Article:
You’ll find the bright moon near the planet Saturn on the evening of May 22, 2013, and the star Spica to the west (right) of the moon and Saturn. Although both Saturn and Spica shine brightly, they’ll be harder than usual to see tonight because of the lunar glare. Can you see them? Binoculars might help, if you have them.
The moon is in a waxing gibbous phase. It’s getting big in the sky, and will turn full on the night of May 24/25. In the Northern hemisphere, we often call this particular full moon the Flower Moon, Rose Moon or Strawberry Moon. The full moon will barely clip the Earth’s penumbral shadow, but this eclipse will be so shallow and faint that’ll be virtually impossible to observe.
Saturn, the sixth planet outward from the sun, will shine in front of the constellation Virgo until passing out of Virgo and into the constellation Libra in late August/early September 2013. Blue-white Spica, the brightest star in Virgo, contrasts beautifully with golden Saturn, the most distant world that you can easily see with the unaided eye.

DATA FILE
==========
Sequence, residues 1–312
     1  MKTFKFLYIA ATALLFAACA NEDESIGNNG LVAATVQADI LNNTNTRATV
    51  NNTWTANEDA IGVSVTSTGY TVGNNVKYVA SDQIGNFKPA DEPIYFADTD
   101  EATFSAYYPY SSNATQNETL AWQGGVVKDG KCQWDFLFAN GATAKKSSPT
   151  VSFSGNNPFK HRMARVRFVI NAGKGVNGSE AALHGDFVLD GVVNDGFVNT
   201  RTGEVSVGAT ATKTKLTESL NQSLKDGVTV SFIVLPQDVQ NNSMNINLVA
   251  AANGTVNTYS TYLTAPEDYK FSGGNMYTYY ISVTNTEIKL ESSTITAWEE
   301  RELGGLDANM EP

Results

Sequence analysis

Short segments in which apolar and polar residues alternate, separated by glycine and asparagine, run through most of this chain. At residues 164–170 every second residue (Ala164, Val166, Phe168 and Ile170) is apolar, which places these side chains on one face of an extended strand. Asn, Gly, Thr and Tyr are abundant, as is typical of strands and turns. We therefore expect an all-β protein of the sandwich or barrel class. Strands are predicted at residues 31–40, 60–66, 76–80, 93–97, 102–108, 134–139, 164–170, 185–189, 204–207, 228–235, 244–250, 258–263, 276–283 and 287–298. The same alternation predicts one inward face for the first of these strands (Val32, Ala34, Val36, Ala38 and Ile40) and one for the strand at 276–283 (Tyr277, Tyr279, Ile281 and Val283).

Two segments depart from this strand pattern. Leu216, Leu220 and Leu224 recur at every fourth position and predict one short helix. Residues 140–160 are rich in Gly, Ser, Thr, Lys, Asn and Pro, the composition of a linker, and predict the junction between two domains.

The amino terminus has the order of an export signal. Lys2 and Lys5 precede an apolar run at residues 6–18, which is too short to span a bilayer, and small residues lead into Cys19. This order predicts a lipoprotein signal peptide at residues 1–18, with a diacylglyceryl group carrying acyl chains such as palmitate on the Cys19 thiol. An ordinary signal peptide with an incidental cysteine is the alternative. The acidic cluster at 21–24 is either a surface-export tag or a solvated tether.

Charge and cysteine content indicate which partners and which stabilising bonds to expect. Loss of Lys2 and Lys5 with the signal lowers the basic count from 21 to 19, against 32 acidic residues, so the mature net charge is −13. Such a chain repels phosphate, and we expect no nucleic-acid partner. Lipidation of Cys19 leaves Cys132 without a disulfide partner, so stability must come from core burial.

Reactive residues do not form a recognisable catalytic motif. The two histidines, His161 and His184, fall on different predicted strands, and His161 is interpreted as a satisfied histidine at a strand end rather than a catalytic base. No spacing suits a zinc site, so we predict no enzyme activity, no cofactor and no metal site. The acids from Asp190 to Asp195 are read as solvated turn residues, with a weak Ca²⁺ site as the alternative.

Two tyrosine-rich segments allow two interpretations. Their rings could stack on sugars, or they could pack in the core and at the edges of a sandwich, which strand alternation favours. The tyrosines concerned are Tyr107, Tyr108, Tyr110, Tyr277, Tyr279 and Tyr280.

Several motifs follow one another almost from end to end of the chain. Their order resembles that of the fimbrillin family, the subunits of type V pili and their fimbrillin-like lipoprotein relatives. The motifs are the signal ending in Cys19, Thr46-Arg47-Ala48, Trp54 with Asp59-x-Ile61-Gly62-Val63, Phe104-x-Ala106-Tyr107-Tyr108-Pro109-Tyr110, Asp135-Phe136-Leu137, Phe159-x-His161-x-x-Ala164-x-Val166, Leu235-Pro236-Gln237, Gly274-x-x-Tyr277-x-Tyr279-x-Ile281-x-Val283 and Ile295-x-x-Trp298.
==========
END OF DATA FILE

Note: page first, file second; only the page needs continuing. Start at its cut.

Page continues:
When the moon drops out of the early evening sky toward the end of the month, be sure to savor the beauty of these colorful celestial gems in the darkness of night.
Earth passed between Saturn and the sun on April 28 of 2013. That was Saturn’s yearly opposition, and it means that we’re farther from Saturn now than we were several weeks ago. We’re now racing ahead of Saturn in Earth’s smaller, faster orbit around the sun. So Saturn is steadily appearing dimmer on our sky’s dome, and it’s slowly but surely spending less time in the sky each night. Presently, Saturn sets just before the onset of morning dawn. However, by the time that August rolls around, Saturn will set around midnight.
Saturn, like all planets, will be shining with a steadier light than the twinkling stars. In contrast to the moon, Saturn moves at a snail’s pace in front the constellations of the Zodiac. By tomorrow night, the moon will have moved onward, passing through the constellation Libra at this time tomorrow, on May 23.
Bottom line: Will you be able to see the planet Saturn and the star Spica in the glare of the waxing gibbous moon tonight (May 22, 2013)?